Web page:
Discover an Edible Food Packaging Breakthrough!

Scientists have created an innovative wrapping material derived from bacteria.

Plastic bags pollute the ocean and contaminate fish.

(monticello /

This might just be the sustainable packaging breakthrough that green-conscious consumers have been waiting for. Food Matters Live reports that scientists from the Chinese University of Hong Kong (CUHK) have created a new edible, biodegradable, and transparent material using soy protein isolate. This wrapping, if produced at scale, may be a viable alternative to conventional, single-use traditional plastics made from petrochemicals that don’t biodegrade, and end up polluting our environment as plastic waste for years. 

The researchers of the study, published in the Journal of the Science of Food and Agriculture,  optimistically concluded that; “This bio-based composite material demonstrated considerable potential for application in food packaging and other value-added sectors as a substitute for non-degradable plastics.”

As Food Bev Media emphasizes, the research aims to serve as a reminder that natural raw materials may already possess the necessary characteristics to outperform plastic packaging.

Tweaked bacterial cellulose as a viable alt to traditional plastic packaging
The researchers, explains Food Matters Live, developed the new material by working with bacterial cellulose. This is an organic compound produced by particular types of bacteria. The team is quick to point out its promising features which take in high versatility,  and tensile strength. This quality means that the material can ensure significant levels of pulling force without being stretched. ZME Science adds that it also has a distinctly soft texture, and a high fiber content.

Significantly, previous attempts at using bacterial cellulose in packaging materials have been challenging because it absorbs moisture in the air which compromises its tensile strength. The innovation in this new research was to introduce soy proteins into the material structure of the bacterial cellulose, and to then coat it with an oil-resistant composite to create an edible film. What’s more, as ZME Science observes,  this  makes it safer for all sea animals such as turtles that can eat the new packaging without toxicity risks or harm.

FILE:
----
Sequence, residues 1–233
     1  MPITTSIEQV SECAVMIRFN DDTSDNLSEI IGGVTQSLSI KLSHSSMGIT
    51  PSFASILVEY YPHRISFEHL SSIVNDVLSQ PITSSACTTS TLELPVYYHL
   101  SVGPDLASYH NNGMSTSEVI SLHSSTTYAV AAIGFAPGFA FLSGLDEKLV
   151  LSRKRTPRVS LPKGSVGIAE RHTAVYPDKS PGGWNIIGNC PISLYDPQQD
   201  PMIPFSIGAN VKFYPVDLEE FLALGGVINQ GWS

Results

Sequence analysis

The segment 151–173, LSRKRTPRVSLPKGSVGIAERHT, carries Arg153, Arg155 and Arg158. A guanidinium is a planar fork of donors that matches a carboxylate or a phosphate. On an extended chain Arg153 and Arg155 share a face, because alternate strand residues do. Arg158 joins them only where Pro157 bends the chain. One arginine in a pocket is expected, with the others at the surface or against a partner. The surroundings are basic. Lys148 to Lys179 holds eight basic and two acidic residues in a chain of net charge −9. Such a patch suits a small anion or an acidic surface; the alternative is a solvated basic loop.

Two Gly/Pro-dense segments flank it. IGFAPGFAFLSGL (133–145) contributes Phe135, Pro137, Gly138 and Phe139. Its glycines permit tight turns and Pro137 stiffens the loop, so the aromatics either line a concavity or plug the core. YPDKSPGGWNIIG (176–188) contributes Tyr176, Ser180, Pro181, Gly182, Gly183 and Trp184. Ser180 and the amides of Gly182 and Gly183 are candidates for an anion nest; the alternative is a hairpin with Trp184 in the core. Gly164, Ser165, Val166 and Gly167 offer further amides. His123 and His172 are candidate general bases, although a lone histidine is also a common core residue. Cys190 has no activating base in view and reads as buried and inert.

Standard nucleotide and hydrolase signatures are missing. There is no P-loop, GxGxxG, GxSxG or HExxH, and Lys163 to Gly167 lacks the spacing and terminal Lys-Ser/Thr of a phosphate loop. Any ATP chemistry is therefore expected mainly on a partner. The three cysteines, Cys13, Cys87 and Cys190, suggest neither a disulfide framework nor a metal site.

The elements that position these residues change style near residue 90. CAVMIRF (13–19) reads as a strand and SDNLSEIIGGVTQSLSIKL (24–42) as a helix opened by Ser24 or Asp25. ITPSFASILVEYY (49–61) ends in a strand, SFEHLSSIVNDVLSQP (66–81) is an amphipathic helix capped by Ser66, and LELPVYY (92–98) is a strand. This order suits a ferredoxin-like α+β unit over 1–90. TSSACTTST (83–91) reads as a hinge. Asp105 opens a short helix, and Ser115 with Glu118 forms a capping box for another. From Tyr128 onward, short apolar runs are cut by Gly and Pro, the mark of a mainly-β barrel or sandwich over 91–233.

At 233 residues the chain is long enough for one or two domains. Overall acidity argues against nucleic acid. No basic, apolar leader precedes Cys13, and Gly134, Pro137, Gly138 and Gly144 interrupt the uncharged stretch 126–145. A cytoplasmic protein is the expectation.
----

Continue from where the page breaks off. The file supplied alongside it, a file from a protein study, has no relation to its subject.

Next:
The scientists found that this new material showed impressive overall qualities, as documented in the study’s results: “The finding demonstrated that the synthesized bio-based composite material exhibits stability in water, high optical transparency, complete oil resistance, and full degradability within 1 to 2 months. Furthermore, the composite material displayed enhanced mechanical properties in both dry and wet conditions, with a tensile strength of approximately 84 MPa.” This is a unit indicating how much force per unit area is required to stretch or tear a material.

No crop harvesting required!
As well as not needing any chemical intervention in the recycling process, as do other bioplastics, bacterial cellulose offers another impressive advantage over plant-derived cellulose used in other bioplastics. In contrast to plant-derived cellulose, bacterial cellulose can be synthesized using a microbial fermentation process, which doesn’t require the harvesting of crops, making it more sustainable. 

As the study’s author,Professor To Ngai, tells the Society of Chemical Industry as quoted in Food Matters Live: “This production method does not contribute to deforestation or habitat loss, making [bacterial cellulose] a more sustainable and environmentally friendly material alternative to plant cellulose.”

What’s next for this promising packaging material?
ZME Science details that the researchers are now looking at broadening the potential applications of modified bacterial cellulose films to make them more versatile. In particular, they are exploring the possibility of enabling the moulding of the material into diverse shapes by using heat.

As Ngai explains to vegan business magazine, Vegconomist, this will make bacterial cellulose films more competitive with conventional plastics while maintaining their environmental friendliness.

How to Become a Conscious Tourist
This Unique Vending Machine Actually Washes Bottles!
Coral Reef Champion Emerges From Obscurity